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Bowie recruited a crack band for Blah-Blah-Blah – Kevin Armstrong played guitar (joined by Steve Jones on one track), fresh from being David’s musical director at Live Aid and doing sessions for Prefab Sprout, Propaganda and Alien Sex Fiend! Gifted Swiss multi-instrumentalist Erdil Kizilcay, who had worked on the Let’s Dance demos and also epic soundtrack single ‘When The Wind Blows’, played (excellent) bass and shared live drums with the Linn machine borrowed from Queen’s Roger Taylor. Bowie played most of the keyboards.

David was apparently workmanlike and professional in the studio, ticking off daily tasks on a notepad with lots of nervous energy. He was focused on helping his friend to the very best of his ability. ‘He’d be chucking down the coffee and fags, and it would be pretty neurotic and manic around him’, said Armstrong. But Bowie was also a typically shrewd people-watcher – he apparently wrote the first verse of ‘Shades’ after watching Iggy give his girlfriend Suchi a gift, turning it around to make the guy the grateful, humble recipient.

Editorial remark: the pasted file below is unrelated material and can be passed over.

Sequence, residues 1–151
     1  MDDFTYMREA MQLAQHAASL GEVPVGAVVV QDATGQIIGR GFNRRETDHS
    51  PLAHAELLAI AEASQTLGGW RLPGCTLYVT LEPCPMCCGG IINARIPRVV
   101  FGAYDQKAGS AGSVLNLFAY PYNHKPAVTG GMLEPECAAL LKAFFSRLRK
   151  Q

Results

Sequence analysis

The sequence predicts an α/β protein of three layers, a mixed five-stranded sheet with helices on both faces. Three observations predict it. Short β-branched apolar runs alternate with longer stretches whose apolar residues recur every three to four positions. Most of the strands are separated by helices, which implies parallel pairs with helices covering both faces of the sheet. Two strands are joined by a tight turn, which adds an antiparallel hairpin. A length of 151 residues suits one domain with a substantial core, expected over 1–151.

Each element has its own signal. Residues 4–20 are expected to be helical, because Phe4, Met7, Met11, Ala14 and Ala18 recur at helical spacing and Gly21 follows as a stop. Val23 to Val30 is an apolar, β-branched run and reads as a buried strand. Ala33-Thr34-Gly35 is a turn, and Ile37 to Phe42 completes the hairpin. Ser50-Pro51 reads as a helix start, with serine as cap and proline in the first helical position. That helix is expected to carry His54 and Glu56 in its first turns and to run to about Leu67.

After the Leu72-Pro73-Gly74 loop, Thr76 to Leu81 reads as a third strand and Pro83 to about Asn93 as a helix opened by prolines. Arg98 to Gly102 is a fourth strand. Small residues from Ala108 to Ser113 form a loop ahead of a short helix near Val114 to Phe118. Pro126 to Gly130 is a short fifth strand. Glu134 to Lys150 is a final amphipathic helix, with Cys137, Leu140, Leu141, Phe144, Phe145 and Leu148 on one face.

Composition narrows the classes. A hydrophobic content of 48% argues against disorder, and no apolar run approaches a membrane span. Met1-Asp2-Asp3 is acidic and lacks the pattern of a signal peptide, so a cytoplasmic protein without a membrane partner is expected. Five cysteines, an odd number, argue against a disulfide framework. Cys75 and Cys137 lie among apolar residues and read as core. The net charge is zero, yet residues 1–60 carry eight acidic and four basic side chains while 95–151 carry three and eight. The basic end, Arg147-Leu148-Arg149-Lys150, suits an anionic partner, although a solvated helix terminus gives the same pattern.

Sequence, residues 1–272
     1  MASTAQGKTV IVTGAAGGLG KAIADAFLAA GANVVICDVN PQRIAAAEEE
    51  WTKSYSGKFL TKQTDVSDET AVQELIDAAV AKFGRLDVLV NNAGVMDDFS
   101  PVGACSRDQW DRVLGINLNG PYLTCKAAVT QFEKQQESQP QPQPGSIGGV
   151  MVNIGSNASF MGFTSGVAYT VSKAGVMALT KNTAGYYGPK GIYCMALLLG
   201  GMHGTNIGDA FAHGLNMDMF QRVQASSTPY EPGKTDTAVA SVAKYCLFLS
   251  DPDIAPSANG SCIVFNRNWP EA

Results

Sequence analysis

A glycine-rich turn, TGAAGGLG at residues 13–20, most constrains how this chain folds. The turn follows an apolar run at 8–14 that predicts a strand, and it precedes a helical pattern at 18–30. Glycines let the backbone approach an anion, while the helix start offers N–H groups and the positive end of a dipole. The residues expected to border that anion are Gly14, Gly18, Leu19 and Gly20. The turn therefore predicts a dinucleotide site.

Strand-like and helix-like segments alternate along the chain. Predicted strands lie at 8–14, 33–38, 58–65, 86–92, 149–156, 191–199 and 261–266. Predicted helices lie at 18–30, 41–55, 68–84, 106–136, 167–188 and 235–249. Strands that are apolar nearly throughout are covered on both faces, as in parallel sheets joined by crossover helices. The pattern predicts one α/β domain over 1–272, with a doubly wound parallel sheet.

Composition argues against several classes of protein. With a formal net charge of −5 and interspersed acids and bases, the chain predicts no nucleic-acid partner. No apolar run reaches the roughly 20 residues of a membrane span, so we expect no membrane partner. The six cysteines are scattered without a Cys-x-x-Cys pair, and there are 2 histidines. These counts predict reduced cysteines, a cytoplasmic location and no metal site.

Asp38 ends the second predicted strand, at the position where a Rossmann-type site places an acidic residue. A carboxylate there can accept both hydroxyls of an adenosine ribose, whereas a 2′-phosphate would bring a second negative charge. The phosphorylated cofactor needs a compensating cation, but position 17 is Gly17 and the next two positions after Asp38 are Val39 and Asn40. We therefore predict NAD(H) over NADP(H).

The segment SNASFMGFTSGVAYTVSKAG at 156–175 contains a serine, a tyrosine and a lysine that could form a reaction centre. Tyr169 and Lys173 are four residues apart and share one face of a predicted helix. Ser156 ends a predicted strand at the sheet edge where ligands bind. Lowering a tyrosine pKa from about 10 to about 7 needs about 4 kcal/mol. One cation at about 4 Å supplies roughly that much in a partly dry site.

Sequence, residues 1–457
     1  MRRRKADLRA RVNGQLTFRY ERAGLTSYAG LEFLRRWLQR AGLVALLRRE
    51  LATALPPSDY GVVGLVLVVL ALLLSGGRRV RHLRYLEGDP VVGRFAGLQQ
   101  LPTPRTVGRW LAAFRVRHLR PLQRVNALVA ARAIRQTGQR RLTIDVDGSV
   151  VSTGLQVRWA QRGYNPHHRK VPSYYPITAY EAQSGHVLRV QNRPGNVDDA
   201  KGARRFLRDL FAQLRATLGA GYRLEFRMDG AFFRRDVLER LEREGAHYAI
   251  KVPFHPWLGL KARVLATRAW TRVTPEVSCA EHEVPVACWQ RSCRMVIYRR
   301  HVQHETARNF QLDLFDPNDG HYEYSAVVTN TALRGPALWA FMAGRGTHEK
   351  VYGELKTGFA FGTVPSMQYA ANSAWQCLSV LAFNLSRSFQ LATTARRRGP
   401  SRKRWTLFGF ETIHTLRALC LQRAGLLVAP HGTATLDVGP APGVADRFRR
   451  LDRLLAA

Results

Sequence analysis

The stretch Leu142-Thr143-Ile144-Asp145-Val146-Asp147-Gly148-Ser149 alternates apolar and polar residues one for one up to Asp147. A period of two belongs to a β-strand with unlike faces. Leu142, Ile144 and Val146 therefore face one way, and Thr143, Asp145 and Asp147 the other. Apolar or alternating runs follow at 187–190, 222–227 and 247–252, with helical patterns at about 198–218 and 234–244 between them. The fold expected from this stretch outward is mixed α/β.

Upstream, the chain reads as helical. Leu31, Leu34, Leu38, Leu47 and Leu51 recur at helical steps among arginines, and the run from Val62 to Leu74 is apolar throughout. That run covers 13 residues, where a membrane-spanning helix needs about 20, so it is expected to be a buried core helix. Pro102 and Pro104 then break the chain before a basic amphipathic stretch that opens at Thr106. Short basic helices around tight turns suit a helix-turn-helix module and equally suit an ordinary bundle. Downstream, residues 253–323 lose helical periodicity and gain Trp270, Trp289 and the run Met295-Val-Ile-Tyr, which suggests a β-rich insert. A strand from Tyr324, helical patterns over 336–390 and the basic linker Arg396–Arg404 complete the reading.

Blah-Blah-Blah features Iggy’s best singing on record. He has developed a gloriously dark croon and finally has the right material to showcase it. ‘Winners And Losers’ particularly shows off his improved vocal range. It’s also a very funny album. Bowie and Iggy clearly had a great laugh writing these songs, with some preposterous couplets thrown in, especially on ‘Isolation’ (‘I need some lovin’ like a body needs a soul/I need some lovin’ like a fastball needs control, here I am!’). ‘Baby It Can’t Fail’ features some of the best opening lines in 1980s rock: ‘You have loved me with energy/Backed up hard work and guts!’ Iggy’s committed delivery always prompts a smile.